A balancing act: confidentiality v public interest
In handing down their judgments, the Justices of the Constitutional Court emphasised the importance of the right to privacy, the right of access to information and the right to freedom of expression. And acknowledged that while these constitutional rights serve different functions, they achieve legitimate and interconnected interests at both the individual and societal levels. For the avoidance of any doubt, the Constitutional Court reiterated that it is PAIA, and not or any other legislation, that is the national legislation contemplated by the general constitutional right of access to information.
In argument, SARS contended that PAIA’s mandatory protection of tax records serves to protect taxpayer confidentiality, while maintaining tax compliance; thus striking a reasonable balance between the right to privacy and the right to access information. In SARS’ view, an extension of the section 46 public-interest override to tax information will substantially undermine taxpayers’ confidence in SARS, as well as tax compliance. The majority in the Constitutional Court disagreed with SARS’ position on the basis that the current formulation of section 35 protects all taxpayer information – irrespective of whether such information warrants such protection or not; and thus failing to strike the necessary balance between competing rights. Conversely, the Constitutional Court found that an extension of PAIA’s section 46 public-interest override clause to taxpayer information would strike the necessary balance between rights. In the words of Kollapen J, “the public-interest override provides a high-level of confidentiality while [simultaneously] providing a carefully crafted, limited, restrained and relatively onerous basis for the lifting of confidentiality in the public interest.”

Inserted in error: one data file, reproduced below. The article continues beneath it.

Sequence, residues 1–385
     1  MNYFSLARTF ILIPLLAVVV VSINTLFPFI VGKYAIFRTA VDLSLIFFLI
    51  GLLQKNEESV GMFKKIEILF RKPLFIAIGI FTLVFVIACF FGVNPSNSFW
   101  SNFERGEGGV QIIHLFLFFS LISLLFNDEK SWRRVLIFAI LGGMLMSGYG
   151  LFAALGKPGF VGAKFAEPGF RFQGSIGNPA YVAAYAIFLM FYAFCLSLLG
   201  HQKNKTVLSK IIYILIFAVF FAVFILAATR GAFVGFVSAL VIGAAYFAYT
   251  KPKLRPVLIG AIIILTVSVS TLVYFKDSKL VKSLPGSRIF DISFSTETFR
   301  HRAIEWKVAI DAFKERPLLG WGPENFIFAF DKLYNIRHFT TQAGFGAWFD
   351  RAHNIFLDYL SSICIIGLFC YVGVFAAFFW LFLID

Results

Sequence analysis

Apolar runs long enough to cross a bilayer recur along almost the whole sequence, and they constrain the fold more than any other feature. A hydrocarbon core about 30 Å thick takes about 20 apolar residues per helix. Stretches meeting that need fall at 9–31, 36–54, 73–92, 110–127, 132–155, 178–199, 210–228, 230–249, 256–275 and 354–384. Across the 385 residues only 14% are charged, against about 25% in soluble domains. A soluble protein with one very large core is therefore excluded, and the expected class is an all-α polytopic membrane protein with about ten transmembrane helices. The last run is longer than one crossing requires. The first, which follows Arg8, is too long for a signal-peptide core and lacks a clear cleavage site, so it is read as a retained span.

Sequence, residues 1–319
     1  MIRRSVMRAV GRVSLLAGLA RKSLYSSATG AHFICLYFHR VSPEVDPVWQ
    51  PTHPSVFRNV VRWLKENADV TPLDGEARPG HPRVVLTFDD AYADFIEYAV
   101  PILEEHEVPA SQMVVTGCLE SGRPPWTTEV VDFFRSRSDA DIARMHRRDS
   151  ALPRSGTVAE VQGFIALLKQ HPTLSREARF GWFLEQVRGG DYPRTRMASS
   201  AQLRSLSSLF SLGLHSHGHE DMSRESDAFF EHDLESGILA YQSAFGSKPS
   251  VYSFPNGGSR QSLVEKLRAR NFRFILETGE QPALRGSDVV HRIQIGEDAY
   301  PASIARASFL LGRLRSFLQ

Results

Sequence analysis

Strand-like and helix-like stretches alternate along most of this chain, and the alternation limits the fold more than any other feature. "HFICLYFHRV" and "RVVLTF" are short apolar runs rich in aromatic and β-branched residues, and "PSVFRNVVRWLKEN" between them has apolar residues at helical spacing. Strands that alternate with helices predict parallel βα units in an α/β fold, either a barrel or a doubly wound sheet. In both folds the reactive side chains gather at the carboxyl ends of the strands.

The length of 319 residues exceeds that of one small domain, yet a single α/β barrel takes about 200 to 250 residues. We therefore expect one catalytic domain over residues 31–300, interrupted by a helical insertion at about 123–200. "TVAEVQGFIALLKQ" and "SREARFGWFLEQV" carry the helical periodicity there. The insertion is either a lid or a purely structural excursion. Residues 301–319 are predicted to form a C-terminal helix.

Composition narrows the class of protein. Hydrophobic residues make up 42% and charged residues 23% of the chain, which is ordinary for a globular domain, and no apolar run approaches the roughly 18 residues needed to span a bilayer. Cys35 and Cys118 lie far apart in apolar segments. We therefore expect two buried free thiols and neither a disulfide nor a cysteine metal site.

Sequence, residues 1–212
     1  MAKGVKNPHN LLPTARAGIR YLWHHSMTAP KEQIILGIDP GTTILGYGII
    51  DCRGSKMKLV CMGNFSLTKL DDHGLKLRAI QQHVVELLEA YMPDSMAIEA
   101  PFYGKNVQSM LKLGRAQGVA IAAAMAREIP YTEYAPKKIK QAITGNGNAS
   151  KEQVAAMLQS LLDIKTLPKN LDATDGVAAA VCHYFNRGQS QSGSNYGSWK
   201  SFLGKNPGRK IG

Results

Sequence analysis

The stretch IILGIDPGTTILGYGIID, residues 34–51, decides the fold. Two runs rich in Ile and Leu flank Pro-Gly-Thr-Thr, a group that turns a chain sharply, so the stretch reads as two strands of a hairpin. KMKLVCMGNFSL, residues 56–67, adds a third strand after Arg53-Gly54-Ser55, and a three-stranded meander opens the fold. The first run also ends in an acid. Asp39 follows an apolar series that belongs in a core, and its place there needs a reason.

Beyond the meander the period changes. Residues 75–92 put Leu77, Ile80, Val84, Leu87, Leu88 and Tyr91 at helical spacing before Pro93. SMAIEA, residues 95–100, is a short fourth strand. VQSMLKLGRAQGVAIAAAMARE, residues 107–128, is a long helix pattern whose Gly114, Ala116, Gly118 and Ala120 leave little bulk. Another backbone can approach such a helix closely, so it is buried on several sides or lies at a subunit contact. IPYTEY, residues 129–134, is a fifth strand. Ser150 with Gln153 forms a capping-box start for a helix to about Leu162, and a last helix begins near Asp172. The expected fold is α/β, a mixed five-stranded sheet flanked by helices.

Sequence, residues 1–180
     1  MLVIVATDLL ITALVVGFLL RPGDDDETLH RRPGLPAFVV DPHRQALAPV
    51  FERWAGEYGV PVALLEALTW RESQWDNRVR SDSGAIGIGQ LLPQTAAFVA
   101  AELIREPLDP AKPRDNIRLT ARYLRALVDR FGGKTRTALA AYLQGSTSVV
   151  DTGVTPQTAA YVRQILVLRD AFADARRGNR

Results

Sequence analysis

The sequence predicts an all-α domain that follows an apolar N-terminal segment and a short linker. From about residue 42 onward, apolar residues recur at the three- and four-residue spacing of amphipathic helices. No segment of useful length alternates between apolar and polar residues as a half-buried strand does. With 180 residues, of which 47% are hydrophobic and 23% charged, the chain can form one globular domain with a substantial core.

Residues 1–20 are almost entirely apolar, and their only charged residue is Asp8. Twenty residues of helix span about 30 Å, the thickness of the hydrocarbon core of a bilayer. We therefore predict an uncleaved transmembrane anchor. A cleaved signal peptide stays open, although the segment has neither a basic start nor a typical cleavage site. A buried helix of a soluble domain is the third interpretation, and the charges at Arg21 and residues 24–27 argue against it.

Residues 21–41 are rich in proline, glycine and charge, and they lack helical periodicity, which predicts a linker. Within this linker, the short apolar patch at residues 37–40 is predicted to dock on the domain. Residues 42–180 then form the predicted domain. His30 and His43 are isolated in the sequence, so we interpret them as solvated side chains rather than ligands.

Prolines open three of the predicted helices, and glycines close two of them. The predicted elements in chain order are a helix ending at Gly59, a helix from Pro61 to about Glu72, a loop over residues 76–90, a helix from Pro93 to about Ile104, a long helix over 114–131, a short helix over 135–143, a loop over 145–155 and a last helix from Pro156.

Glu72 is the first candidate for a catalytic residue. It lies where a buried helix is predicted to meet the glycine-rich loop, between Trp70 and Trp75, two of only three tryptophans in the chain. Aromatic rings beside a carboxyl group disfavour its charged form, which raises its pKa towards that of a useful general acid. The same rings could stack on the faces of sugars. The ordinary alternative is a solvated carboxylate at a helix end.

The Constitutional Court confirmed the High Court’s declaration of constitutional invalidity in respect of sections 35 and 46 of PAIA. The aforementioned declarations of constitutional invalidity are suspended for a period of 24 months to enable Parliament to remedy such invalidity.
The Constitutional Court’s judgment in the matter of Arena Holdings v SARS is an important reminder insofar as the balancing of competing rights is concerned. In the context of the right of access to information vis-à-vis the right to privacy, J Kollapen’s majority judgement re-iterates how the balancing of such rights should always be informed by reference to the continuum of privacy: “the scope of one’s personal space shrinks as one moves away from the inner sanctum of one’s life to the communal space that comes with living in society. In those circumstances, the claim to individual autonomy (and the right to privacy that attaches to it) must be moderated against the public interest.”
Written by Ahmore Burger-Smidt, Head of Regulatory Practice and Siyabonga Galela, Candidate Attorney, Werksmans